A rocky start to 2016 in the global economy and equity markets shook up chief financial officers’expectations for the year’s revenue, earnings, capital spending, and domestic hiring, according to Deloitte’s first quarter (Q1 2016) CFO Signals survey. All declined.

Revenue growth expectations fell to 3.3 percent- from 5.9 percent-last quarter, earnings growth expectations fell to a new survey low of 6.0 percent- from 8.3 percent-last quarter, capital spending expectations hit a new survey low of 1.7 percent*-from 4.9 percent-last quarter, and domestic hiring growth expectations declined sharply to just 0.6 percent-from last quarter’s 1.2 percent — matching the previous survey low.

New lows

CFO assessments of both the North American in the China economies hit new survey lows.

Forty-one percent of CFOs now describe North American conditions as good (down from 55 percent last quarter), and only 36 percent expect better conditions in a year (down from 47 percent last quarter). Only 9 percent regard China’s economy as good, and just 5 percent describe Europe’s economy as good.

The survey, which tracks the thinking and actions of more than 100 CFOs from large North American companies, has recorded 13 straight quarters of positive net optimism, but this quarter’s reading of +1.7 declined significantly from last quarter’s +10.7 and is at its lowest level since Q4 2012. In the same quarter one year ago, net optimism was recorded at +34.4.

Growing concerns

“One difference this quarter seems to be CFOs’ growing concern over how financial markets will react to unfavorable economic news and how consumers will react to volatile equity markets — and what longer-term effects will be on capital liquidity and consumer demand,” said Greg Dickinson, director, Deloitte LLP, who leads the North American CFO Signals survey said in a statement.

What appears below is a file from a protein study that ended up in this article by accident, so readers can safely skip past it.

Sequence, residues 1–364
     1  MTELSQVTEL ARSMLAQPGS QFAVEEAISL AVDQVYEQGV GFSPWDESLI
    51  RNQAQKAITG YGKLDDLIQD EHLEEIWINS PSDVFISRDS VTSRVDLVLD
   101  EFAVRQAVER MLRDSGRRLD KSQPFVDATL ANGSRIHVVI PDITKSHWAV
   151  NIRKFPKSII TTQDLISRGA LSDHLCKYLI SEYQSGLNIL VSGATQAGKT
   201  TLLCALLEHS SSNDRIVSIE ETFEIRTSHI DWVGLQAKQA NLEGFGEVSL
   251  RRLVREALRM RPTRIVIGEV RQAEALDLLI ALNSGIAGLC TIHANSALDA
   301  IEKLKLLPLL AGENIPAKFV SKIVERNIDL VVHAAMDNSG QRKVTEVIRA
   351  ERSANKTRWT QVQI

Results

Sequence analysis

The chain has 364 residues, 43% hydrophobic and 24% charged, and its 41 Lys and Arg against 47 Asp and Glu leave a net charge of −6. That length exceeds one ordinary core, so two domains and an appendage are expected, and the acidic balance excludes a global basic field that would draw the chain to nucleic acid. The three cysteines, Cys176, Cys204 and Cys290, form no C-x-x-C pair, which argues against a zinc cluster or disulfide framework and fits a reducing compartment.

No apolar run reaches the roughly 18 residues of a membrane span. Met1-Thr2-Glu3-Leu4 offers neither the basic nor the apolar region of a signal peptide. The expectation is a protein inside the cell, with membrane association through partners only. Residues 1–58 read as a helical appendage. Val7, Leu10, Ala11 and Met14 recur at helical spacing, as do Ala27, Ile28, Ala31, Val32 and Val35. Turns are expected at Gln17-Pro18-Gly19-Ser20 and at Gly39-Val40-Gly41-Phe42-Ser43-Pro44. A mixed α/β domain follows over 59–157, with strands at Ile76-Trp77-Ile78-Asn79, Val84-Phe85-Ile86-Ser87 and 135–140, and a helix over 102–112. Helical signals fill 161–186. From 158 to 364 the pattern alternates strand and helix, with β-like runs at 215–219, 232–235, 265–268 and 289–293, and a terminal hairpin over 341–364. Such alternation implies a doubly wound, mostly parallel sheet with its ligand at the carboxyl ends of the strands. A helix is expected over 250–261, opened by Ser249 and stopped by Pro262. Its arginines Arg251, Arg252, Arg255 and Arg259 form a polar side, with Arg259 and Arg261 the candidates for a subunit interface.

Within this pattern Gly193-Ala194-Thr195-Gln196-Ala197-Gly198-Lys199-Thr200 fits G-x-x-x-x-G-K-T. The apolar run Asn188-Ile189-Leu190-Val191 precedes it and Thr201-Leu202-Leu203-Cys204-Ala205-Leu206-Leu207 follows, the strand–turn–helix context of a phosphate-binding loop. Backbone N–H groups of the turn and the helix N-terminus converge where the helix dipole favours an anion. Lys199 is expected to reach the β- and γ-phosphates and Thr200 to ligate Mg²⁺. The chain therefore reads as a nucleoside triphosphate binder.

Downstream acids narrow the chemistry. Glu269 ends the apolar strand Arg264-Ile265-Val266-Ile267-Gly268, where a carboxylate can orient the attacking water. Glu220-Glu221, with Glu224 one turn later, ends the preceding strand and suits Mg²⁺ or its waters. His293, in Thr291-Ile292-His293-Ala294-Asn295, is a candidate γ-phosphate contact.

“Past surveys have shown that election run-ups tend to have a rather negative impact on CFO confidence, and in previous election years, net optimism had turned negative into the third and fourth quarters.”

op risks cited by CFOs show very strong concerns about the interplay of economic volatility, financial markets and consumer confidence. The top two risks cited overall were external: global economic performance (growth, recession and volatility), followed by oil/commodity prices. There was a three-way tie for third place between two additional external risks — capital market risks (liquidity and stability) and the possibility of new/burdensome regulations. The dominant internal risk related to the talent category: growing concerns about retaining key employees.

To download a copy of the survey:: http://www.deloitte.com/us/cfosignals2016Q1.